May 2003
Volume 44, Issue 13
ARVO Annual Meeting Abstract  |   May 2003
Alkaline Hydrolysis of Poly (ethylene terepthalate) Yarn for Improving Cell Attachment and Long-Term Viability in the NT-501 Intraocular Device
Author Affiliations & Notes
  • C.G. Thanos
    Neurotech, Lincoln, RI, United States
  • K. Kauper
    Neurotech, Lincoln, RI, United States
  • S. Sherman
    Neurotech, Lincoln, RI, United States
  • W. Bell
    Neurotech, Lincoln, RI, United States
  • R. Provencal
    Neurotech, Lincoln, RI, United States
  • P. Chauvin
    Neurotech, Lincoln, RI, United States
  • W. Tao
    Neurotech, Lincoln, RI, United States
  • Footnotes
    Commercial Relationships  C.G. Thanos, Neurotech SA E; K. Kauper, Neurotech SA E; S. Sherman, Neurotech SA E; W. Bell, Neurotech SA E; R. Provencal, Neurotech SA E; P. Chauvin, Neurotech SA E; W. Tao, Neurotech SA E.
Investigative Ophthalmology & Visual Science May 2003, Vol.44, 4459. doi:
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      C.G. Thanos, K. Kauper, S. Sherman, W. Bell, R. Provencal, P. Chauvin, W. Tao; Alkaline Hydrolysis of Poly (ethylene terepthalate) Yarn for Improving Cell Attachment and Long-Term Viability in the NT-501 Intraocular Device . Invest. Ophthalmol. Vis. Sci. 2003;44(13):4459.

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      © ARVO (1962-2015); The Authors (2016-present)

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Abstract: : Purpose: Our group has demonstrated reduced retinal degeneration in the rcd-1 dog model for retinitis pigmentosa following the intraocular implantation of a membrane-encapsulated device containing cells that secrete CNTF. The device consists of a poly(ether sulfone) membrane surrounding a scaffolding of poly(ethylene terepthalate) (PET) yarn, loaded with a cell suspension, and sealed with a urethane acrylate adhesive. It is established that these devices survive for at least 8 months in a closed container, but it is hypothesized that by creating a microtexture on the surface of the scaffold, viability can be enhanced and prolonged. Additionally, a controlled biomass may be achieved as well as further regulation of CNTF secretion. Methods: Both PET and poly(butylene terepthalate) (PBT) yarn were subjected to alkaline hydrolysis in 1, 5, or 8 N NaOH for varying amounts of time at 23°C, 65°C, or 100°C. Bath sonication was also employed in some cases to enhance the reaction. Samples were rinsed with distilled water, vacuum-dried overnight, and the degree of surface etching was characterized using scanning electron microscopy (SEM) and image-analysis software. For the in vitro component of the study, NT-501 devices were manufactured with an average length of 1.1 cm, sterilized, and loaded with either of two cell lines; NT-201-6A (high CNTF producer) or NT-201-10 (low CNTF producer). The device groups were fabricated to have varying degrees of etched yarn. Final devices were incubated for 2, 4, 8, or 12 weeks at 37°C in a closed container with 40 mL endothelial serum-free media (ENDO-SFM). Following the incubation period, CNTF production was analyzed by incubating devices in fresh ENDO-SFM for 24 hours followed by detection with an ELISA. Cell density was assessed using image analysis on plastic sections generated after the 24-hour pulse. Results: Both scaffold materials were successfully etched by alkaline hydrolysis. SEM analysis revealed that the degree of etching and size of the surface pitting was proportional to increases in concentration, time, and temperature. Primary pitting was induced with 1N NaOH after 3 hours at 65°C, and increasing the other variables controlled secondary and further degrees of surface pitting. Device performance and long-term viability of devices fabricated from this scaffolding will be discussed. Conclusions: Alkaline hydrolysis is an effective way to create a texture on the surface of PET and PBT yarn. Time, temperature, and concentration were all shown to be parameters affecting the reaction.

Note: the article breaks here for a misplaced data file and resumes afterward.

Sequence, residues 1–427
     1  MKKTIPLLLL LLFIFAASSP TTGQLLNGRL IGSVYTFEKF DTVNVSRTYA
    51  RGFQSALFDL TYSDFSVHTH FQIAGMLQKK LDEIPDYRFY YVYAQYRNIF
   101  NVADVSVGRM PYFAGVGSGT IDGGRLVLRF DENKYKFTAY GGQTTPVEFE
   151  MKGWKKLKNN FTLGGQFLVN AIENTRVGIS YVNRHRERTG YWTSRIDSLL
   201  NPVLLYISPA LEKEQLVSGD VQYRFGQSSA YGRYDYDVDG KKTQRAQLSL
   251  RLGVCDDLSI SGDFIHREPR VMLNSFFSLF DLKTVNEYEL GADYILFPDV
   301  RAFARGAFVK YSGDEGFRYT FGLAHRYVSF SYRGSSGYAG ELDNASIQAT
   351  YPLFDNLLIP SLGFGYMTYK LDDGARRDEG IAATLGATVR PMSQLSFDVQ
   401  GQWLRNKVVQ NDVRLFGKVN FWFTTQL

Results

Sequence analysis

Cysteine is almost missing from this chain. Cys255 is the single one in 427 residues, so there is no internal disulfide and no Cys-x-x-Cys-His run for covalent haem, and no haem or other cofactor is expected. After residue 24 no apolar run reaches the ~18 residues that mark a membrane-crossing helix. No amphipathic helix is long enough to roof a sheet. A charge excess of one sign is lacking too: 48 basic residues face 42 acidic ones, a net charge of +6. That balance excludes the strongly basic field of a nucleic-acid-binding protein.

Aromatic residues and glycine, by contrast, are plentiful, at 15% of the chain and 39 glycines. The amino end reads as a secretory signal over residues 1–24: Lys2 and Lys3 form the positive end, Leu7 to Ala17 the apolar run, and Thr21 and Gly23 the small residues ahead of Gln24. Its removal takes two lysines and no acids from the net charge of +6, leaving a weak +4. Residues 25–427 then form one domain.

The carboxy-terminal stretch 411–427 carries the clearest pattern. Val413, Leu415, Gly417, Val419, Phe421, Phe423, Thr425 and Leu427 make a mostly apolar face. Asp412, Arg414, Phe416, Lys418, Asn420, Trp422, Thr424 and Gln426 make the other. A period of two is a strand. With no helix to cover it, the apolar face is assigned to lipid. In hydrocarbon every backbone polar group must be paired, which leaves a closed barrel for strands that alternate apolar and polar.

Keywords: retinal pigment epithelium • vitreous • microscopy: electron microscopy 

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